Veganism or abstinence from animal products, has been on the rise for a while and is being adopted by a lot of families for health or ethical reasons. With certain essential sources of nutrients, like dairy products, being absent from the diet plan, children are likely to be exposed to some health risks, unless their diet compensates for it.
A couple in Australia reportedly put their 19-month-old daughter on a restricted vegan diet, consisting largely of oats and rice milk. Along with this, she would have half a banana in the morning, a piece of toast with jam or peanut butter for lunch, and tofu, rice and potatoes or just a bowl of oats again, reported Daily Mail. The result? The child was malnourished and diagnosed with rickets, a bone disease affecting young children and infants, causing soft and weakened bones. Even at the age of one, the child weighed only 4.9 kg, barely double of what she weighed after birth. The child and her siblings have now been put in foster care.
Veganism or abstinence from animal products, has been on the rise for a while and is being adopted by a lot of families for health or ethical reasons. With certain essential sources of nutrients, like dairy products, being absent from the diet plan, children are likely to be exposed to some health risks, unless their diet compensates for it. Dr Asmita Mahajan, consultant neonatologist and paediatrician, SL Raheja Hospital, told Express Parenting, “Giving a child a well-balanced diet is anyway difficult because of the child’s picky eating habits. Diet is a crucial part of a child’s development. Children on a vegan diet are at the risk of being deficient in vitamin D, vitamin B12, iron, calcium, protein, and even calories and fibre.”
Health risks of a restricted vegan diet
Dr Mahajan enumerated the health risks that the lack of essential nutrients may cause among children.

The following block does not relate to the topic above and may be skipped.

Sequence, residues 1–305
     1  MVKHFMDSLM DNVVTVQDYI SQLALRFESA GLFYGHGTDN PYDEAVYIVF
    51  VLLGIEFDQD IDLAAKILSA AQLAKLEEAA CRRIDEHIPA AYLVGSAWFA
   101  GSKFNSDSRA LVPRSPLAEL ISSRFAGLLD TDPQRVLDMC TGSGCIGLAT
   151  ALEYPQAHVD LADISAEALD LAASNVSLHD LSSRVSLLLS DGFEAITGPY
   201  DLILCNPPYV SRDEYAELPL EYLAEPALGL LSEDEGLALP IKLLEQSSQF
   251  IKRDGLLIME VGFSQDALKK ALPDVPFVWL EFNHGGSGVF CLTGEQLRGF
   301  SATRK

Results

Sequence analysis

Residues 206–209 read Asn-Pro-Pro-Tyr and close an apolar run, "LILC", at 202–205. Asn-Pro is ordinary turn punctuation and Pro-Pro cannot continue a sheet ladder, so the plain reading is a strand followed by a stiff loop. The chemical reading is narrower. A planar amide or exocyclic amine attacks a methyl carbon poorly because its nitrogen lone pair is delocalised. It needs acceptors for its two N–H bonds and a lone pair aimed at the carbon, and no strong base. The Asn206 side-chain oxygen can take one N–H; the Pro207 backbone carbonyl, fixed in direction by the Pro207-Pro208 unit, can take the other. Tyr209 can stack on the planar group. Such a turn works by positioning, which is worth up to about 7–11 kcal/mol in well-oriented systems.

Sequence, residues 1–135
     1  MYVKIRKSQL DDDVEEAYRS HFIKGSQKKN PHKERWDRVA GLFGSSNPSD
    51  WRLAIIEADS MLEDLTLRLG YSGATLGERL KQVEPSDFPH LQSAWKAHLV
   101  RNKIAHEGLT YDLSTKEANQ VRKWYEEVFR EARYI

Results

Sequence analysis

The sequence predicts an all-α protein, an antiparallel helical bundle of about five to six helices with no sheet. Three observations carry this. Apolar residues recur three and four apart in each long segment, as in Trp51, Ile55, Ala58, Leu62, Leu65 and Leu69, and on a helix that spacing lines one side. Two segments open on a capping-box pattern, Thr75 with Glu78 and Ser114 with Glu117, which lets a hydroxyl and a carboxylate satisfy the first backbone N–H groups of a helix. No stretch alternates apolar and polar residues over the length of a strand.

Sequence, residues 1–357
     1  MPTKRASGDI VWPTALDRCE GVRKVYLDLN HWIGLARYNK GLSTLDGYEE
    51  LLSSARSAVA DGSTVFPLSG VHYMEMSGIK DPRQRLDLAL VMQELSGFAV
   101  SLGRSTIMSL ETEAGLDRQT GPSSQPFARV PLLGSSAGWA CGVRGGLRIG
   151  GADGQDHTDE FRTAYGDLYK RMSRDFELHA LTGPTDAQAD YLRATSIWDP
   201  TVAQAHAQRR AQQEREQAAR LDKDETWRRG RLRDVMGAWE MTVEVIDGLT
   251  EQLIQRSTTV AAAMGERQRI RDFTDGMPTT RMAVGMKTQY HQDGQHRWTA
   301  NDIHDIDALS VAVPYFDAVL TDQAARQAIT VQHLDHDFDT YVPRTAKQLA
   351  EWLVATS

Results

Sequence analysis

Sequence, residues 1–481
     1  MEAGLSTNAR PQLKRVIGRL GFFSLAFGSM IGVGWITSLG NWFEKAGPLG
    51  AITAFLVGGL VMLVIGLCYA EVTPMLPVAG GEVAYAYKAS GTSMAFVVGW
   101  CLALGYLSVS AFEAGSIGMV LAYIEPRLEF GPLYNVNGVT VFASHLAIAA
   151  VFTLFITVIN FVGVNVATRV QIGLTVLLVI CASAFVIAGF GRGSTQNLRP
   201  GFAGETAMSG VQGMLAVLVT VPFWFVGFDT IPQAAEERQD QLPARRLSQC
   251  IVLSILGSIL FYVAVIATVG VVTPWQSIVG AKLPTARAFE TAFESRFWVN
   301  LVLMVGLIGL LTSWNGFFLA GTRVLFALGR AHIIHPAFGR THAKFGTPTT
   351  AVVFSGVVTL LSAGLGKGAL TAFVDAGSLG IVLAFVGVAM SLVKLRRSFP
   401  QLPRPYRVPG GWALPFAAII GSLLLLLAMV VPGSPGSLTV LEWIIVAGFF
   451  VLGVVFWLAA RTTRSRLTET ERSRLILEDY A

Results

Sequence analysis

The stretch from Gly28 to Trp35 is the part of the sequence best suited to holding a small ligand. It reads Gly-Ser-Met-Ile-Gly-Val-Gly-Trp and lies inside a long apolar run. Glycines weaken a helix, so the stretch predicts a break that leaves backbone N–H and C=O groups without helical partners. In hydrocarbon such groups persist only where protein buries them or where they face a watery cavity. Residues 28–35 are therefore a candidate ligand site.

1. Iron deficiency can result in a low haemoglobin level and cause anemia. It affects the child’s IQ level and might lead to behavioural problems.
2. With calcium and vitamin deficiency, the bones in the body will not develop properly.
3. Zinc and vitamin B12 deficiency can affect the nervous system of children.
4. If a child remains deficient in protein, calories and the required nutrients for a long period of time, he or she can also end up being malnourished, whereby life-threatening complications can also occur.
How to follow a vegan diet
So, in case parents decide to go on a vegan diet and raise their child on the same, they should first consult a paediatrician to chalk out a nutritious diet for the child, unless they already have knowledge on how to follow this diet properly, suggested Dr Mahajan. Here’s a list of foods that the child must have:
Also Read: Following a vegan diet? Make sure your kids are not missing vital nutrients
1. For iron, children should eat vegetables like broccoli and nuts.
2. Use oils appropriate for a vegan diet, like soya oil, for necessary calories.
3. Soya milk, whole grain foods and tofu are essential sources of protein.
4. Fortified foods (which have extra nutrients added in them), especially fortified cereals are rich in calcium and vitamin D.
5. Vitamin supplements are also a good option, in case your child is a fussy eater.
6. Breastfeeding up to a minimum of the baby’s first six months of age is a must as it is a source of essential nutrients required by the newborn.
Source: Read Full Article